For many in Morris County, Alex DeCroce was known as the state’s longest-serving assemblyman, who died suddenly last year.
For Lake Parsippany’s Theresa DeCroce, Alex was her eldest son. Family was on her mind at her 100th birthday party thrown by the Lake Parsippany Seniors Club on Tuesday. She will be a proud centenarian on Saturday, Sept. 28. On Tuesday, there was also a special visit from the mayor.
Parsippany-Troy Hills Mayor James Barberio presented an announcement proclaiming Sept. 17, 2013 as Mrs. Theresa DeCroce Day and “do hereby urge all citizens to join (him) in paying tribute to Mrs. DeCroce on this auspicious occasion of her 100th birthday.”
“It was a pleasure for me to honor Theresa DeCroce on her 100th birthday,” Barberio said. “What a milestone! I have known the DeCroce family for years and they have brought us a legacy of accomplishments, community service, and dignity. As the matriarch of the family, Theresa has a lot to be proud of.”
DeCroce said one of the best things in her life was “having my children in the United States. My oldest son was an assemblyman,” she said. DeCroce has four children—Alex, Ronald, Maryanne and Gerald. She also has four grandchildren, nine and a half great grandchildren and four great great grandchildren.
“I’m proud of my family, very proud,” she said. Maryanne was with her mother at the birthday party. But all three of DeCroce’s sons have died.
Maryanne DeCroce said her mother has always told her “It’s really important to live your life because … Life is like turning pages in a book and before you know it, it’s the end.”
For DeCroce, it doesn’t matter how many pages she has left to turn because she “had a good life,” she said. “We weren’t rich. We were on the poor side, but my mother and father taught us well and not to be envious of the people who have more money than you and be thankful to God for every day that you’re here on earth and do the best you can with what you (have).”
Her parents Rocco and Marianna Petrozzi came from Italy and Theresa Mary Petrozzi DeCroce was born in Worcester, Mass. on Sept. 28, 1913.
“My mother, she came in 1905 … my father worked for Westinghouse for 40 years,” DeCroce said.
DeCroce returned to Italy about 40 years ago to visit relatives.
“In 1975, I visited for three weeks. I loved it,” DeCroce said. “We kept giving out money to our relatives, the little kids.”
Maryanne DeCroce added with a laugh that her mother and sisters “were supposed to stay another week, but her sisters ran out of money and wanted to come home.”
DeCroce said, “when (my mother) left the family in Italy (in 1905), they were all poor and when I went in 1975, they lived better than we did in the United States. I was amazed at my mother’s family. All my cousins, they all had a winter home and a summer home,” said DeCroce.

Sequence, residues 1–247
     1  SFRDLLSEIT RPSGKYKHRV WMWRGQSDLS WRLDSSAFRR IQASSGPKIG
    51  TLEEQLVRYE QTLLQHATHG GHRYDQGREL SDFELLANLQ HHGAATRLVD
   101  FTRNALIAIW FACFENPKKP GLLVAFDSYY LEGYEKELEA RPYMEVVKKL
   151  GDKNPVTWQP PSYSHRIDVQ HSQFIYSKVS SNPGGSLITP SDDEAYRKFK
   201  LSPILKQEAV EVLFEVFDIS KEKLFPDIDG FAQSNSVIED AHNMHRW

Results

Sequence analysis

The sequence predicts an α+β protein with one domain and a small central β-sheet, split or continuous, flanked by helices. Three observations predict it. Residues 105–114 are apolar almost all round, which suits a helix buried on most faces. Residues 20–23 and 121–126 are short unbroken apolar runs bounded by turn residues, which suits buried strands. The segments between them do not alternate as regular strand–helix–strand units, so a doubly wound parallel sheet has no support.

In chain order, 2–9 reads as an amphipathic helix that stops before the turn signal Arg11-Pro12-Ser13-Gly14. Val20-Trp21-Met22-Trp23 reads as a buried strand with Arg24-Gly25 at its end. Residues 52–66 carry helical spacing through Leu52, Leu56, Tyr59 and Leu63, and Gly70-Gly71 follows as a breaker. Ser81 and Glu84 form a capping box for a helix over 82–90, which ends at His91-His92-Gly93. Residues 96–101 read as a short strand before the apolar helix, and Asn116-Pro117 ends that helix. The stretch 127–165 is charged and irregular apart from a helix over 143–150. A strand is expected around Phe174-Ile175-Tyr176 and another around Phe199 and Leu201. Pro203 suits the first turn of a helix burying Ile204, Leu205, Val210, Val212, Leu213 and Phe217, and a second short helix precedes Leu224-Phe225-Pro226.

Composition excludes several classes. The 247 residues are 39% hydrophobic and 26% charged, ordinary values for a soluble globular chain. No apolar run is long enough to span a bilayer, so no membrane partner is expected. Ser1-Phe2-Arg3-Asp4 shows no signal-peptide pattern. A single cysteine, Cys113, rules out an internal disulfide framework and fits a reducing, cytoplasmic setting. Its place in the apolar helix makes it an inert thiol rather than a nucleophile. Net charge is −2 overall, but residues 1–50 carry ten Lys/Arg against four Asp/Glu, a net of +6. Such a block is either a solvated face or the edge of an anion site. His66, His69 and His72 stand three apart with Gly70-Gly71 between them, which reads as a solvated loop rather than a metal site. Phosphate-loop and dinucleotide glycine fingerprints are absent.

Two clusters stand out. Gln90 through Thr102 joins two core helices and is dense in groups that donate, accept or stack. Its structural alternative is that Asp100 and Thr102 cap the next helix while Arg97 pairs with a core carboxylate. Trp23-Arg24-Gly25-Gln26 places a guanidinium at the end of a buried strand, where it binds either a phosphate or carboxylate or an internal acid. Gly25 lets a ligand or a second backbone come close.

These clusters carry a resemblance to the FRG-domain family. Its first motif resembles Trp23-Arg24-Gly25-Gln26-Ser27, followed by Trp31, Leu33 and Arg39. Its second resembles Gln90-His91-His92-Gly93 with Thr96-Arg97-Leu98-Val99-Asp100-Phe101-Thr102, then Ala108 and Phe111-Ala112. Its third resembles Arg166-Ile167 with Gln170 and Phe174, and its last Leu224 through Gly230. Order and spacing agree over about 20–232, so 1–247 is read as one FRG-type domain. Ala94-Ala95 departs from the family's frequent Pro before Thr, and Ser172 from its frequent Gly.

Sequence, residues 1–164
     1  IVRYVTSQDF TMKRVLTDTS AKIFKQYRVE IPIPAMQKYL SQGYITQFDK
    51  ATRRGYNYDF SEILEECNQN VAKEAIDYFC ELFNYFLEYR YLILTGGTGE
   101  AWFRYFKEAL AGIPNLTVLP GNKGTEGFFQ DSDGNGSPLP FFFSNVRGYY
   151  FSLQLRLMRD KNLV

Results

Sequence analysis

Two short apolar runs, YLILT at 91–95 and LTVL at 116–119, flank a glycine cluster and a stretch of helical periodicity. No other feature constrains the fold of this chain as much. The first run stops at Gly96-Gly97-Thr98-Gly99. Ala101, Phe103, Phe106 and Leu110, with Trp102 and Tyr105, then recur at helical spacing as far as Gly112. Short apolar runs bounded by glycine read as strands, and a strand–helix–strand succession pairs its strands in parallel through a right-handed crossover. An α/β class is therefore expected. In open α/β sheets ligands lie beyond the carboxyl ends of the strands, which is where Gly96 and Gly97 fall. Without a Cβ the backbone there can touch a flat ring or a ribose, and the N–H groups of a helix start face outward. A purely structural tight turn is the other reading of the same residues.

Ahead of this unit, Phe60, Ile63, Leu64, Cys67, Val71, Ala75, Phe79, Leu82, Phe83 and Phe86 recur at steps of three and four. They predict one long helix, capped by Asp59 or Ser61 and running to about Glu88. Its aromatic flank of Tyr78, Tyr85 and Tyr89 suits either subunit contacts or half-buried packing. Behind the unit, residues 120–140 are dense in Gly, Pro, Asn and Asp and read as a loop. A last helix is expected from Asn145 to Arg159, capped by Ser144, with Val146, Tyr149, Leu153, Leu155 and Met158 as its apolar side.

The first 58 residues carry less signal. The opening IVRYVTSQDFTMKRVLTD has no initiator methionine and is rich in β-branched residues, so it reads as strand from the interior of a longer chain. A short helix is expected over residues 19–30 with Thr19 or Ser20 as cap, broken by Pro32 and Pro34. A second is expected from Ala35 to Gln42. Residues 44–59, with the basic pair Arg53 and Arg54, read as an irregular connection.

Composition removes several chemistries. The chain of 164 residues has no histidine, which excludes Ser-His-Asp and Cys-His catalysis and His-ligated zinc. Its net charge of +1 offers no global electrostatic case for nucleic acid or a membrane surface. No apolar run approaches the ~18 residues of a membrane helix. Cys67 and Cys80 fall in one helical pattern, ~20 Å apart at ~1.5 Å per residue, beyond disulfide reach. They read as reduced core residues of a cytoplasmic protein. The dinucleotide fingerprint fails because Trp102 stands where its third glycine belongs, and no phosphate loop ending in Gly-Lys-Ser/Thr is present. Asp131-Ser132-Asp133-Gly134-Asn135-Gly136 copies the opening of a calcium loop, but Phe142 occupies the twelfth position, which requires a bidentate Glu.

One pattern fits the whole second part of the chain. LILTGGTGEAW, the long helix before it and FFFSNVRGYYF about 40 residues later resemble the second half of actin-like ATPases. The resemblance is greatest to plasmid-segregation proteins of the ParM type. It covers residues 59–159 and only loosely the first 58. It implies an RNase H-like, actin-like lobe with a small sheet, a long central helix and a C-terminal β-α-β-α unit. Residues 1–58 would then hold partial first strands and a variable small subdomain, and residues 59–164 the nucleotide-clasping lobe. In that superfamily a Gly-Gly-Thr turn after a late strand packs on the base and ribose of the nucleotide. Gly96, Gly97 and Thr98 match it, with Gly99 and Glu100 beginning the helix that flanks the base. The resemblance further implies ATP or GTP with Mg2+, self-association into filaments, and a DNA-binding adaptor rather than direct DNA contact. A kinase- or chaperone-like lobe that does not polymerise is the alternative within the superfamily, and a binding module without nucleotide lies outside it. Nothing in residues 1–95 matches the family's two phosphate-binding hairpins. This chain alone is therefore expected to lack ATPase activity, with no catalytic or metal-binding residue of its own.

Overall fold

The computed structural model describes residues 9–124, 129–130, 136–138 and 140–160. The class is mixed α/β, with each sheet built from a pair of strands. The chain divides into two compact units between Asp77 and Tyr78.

“They had a home in the country and one in the city,” explained Maryanne DeCroce, adding that although her mom hasn’t returned since 1975, “I want to go though.”
“She’ll have to go someday,” said DeCroce, patting her daughter’s leg and smiling.
In the proclamation, the township gives a flashback into DeCroce’s early life.
“While she was in her teens, the Petrozzi family moved to Newark and shortly thereafter to West Orange. Theresa was a student at the Orange street Girls Vocational School for typing and shorthand and rode the bus to Orange to work at Woolworth’s.” In 1934 DeCroce met Santino DeCroce and “it was undoubtedly love at first sight. They were married 10 months later on Aug. 25, 1935 at Mount Carmel Church in Orange”
Most of DeCroce’s life has been spent in Lake Parsippany where she now lives after a short retirement to Boca. She and Santino ran a food stand they called Sans, said the township.
DeCroce founded the Lake Parsippany Ladies Club and today, she enjoys true romance novels and continues to “cultivate her love of jewelry and shopping.”
“Theresa DeCroce is worthy of having a day named in her honor as a small token of appreciation for her contributions to this community. By sharing her 100 years of wisdom and experience, Theresa has served as a role model for future generations,” said the township in its proclamation. “This remarkable woman has maintained a wonderful attitude and outlook throughout her life as a caring, loving wife, a nurturing mother, grandmother, great grandmother and precious relative and friend to many.”
Many of her friends at the senior club spoke of DeCroce’s generosity. DeCroce is the oldest in the club with the second oldest at 94 years old, said Mary Myers, 85, president of the Lake Parsippany Senior Club. Myers added that most members are in their 80s.
“Theresa is fantastic. She’s a blessed person,” said Myers. “She slowed down (recently). About three months ago, she lost her third son and it kind of knocked her out. Now she’s having a lot of trouble with osteoarthritis in her back and it gives her pain so she’s not been able to come out as much, but she looks great now. For a while there, we were really worried about her.”
Lifelong Parsippany resident Ronald Stephen DeCroce died in May at the age of 70, according to his obituary.
“She was taking care of her son (Ronald) for years before he recently passed,” said Club member Nettie Mcocca, 88. “Theresa takes care of her children and is always there to help. She makes beautiful cakes. She made this cake and I really liked it and she gave me the recipe for it. She’s very thoughtful and kind.”